Novel approaches to probe the binding of recoverin to membranes
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Recoverin is a protein involved in the phototransduction cascade by regulating the activity of rhodopsin kinase through a calcium-dependent binding process at the surface of rod outer segment disk membranes. We have investigated the interaction of recoverin with zwitterionic phosphatidylcholine bilayers, the major lipid component of the rod outer segment disk membranes, using both 31P and 19F solid-state nuclear magnetic resonance (NMR) and infrared spectroscopy. In particular, several novel approaches have been used, such as the centerband-only detection of exchange (CODEX) technique to investigate lipid lateral diffusion and 19F NMR to probe the environment of the recoverin myristoyl group. The results reveal that the lipid bilayer organization is not disturbed by recoverin. Non-myristoylated recoverin induces a small increase in lipid hydration that appears to be correlated with an increased lipid lateral diffusion. The thermal stability of recoverin remains similar in the absence or presence of lipids and Ca2+. Fluorine atoms have been strategically introduced at positions 4 or 12 on the myristoyl moiety of recoverin to, respectively, probe its behavior in the interfacial and more hydrophobic regions of the membrane. 19F NMR results allow the observation of the calcium–myristoyl switch, the myristoyl group experiencing two different environments in the absence of Ca2+ and the immobilization of the recoverin myristoyl moiety in phosphatidylcholine membranes in the presence of Ca2+.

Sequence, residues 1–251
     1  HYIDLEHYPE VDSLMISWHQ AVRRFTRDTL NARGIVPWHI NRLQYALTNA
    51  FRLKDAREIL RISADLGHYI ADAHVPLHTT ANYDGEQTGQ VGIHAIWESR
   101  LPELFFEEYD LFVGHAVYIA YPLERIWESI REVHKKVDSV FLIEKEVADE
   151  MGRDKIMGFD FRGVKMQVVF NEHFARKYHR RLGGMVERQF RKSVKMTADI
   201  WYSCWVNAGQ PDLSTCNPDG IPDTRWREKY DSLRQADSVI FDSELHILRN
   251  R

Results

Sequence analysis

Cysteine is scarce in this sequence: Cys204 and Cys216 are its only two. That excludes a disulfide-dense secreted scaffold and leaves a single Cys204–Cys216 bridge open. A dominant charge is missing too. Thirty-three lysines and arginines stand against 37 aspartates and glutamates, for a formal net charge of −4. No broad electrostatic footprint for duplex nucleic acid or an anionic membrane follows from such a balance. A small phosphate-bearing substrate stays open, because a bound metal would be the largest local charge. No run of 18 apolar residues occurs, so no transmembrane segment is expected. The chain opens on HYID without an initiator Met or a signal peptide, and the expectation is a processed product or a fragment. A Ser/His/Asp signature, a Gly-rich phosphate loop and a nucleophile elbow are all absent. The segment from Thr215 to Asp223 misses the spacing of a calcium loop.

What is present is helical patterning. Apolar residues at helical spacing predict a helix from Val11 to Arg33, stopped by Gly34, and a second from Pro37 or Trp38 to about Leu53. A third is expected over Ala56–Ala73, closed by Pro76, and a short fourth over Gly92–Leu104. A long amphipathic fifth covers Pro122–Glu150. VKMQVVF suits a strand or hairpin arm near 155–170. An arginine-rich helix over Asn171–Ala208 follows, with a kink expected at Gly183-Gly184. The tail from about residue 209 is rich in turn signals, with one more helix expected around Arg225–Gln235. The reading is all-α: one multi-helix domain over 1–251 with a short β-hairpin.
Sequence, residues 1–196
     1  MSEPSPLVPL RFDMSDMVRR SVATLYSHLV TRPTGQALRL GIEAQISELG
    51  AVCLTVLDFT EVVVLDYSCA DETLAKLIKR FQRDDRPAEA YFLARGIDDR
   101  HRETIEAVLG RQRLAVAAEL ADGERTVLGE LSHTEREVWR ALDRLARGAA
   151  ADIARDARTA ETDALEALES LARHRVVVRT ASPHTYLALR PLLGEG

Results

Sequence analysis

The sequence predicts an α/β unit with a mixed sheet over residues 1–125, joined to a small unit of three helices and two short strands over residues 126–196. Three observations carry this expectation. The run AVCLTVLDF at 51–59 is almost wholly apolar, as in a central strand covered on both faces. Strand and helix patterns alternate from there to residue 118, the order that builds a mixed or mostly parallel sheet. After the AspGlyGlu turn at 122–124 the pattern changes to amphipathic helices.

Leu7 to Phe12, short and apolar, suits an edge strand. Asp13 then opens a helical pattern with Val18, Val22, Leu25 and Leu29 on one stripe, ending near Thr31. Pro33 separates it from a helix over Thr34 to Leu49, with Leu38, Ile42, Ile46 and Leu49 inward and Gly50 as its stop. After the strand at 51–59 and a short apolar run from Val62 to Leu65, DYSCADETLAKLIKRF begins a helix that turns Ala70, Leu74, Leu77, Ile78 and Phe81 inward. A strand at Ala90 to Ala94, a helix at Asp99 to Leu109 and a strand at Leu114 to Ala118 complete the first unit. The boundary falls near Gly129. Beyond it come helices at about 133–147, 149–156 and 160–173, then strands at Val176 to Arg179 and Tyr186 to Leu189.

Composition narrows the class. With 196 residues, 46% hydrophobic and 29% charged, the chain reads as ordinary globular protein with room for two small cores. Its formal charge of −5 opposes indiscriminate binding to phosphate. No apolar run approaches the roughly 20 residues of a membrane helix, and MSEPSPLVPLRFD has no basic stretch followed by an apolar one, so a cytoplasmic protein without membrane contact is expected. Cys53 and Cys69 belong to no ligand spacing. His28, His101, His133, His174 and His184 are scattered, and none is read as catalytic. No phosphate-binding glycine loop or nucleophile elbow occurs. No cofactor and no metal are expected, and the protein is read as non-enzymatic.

KeywordsPhosphatidylcholine Infrared spectroscopy Solid-state nuclear magnetic resonance spectroscopy Lateral diffusion of lipids Multilamellar vesicles Fluorine
Centerband-only detection of exchange
Ethylene glycol bis(β-aminoethyl ether)-N,N′-tetraacetic acid
Fourier transform infrared
Full width at half maximum
High-performance liquid chromatography
Neuronal calcium sensor
Nuclear magnetic resonance
Recoverin with a fluorine atom at position 4 in the myristoyl moiety
Recoverin with a fluorine atom at position 12 in the myristoyl moiety
Rod outer segment
Gel-to-fluid phase transition temperature
Carbonyl stretching vibration
CH2 symmetric stretching vibration
This work was supported by the Natural Sciences and Engineering Research Council (NSERC) of Canada (J.-F.P., C.S. and M.A.), the Fonds de recherche du Québec-Nature et Technologies (FRQ-NT) (J.-F.P. and M.A.), and Université Laval (J.-F.P., C.S. and M.A.). The Regroupement québécois de recherche sur la fonction, l’ingénierie et les applications des protéines (PROTEO), the Centre de recherche sur les matériaux avancés (CERMA), the Centre québécois sur les matériaux fonctionnels (CQMF), and the Centre de recherche du CHU de Québec are acknowledged for the infrastructure provided to us. PROTEO and CQMF are supported by FRQ-NT. K.P.-F. is the recipient of graduate scholarships from NSERC and FRQ-NT. G.V.-P. is the recipient of a graduate scholarship from the Fonds de recherche du Québec-Santé (FRQS). M.-C.G. is the recipient of graduate scholarships from PROTEO and NSERC. The authors would like to thank Jean-François Rioux-Dubé and François Paquet-Mercier for their support with the FT-IR experiments, and Matthieu Fillion for helpful discussions.
Compliance with Ethical Standards
Conflict of interest
The authors declare that there are no conflicts of interest.
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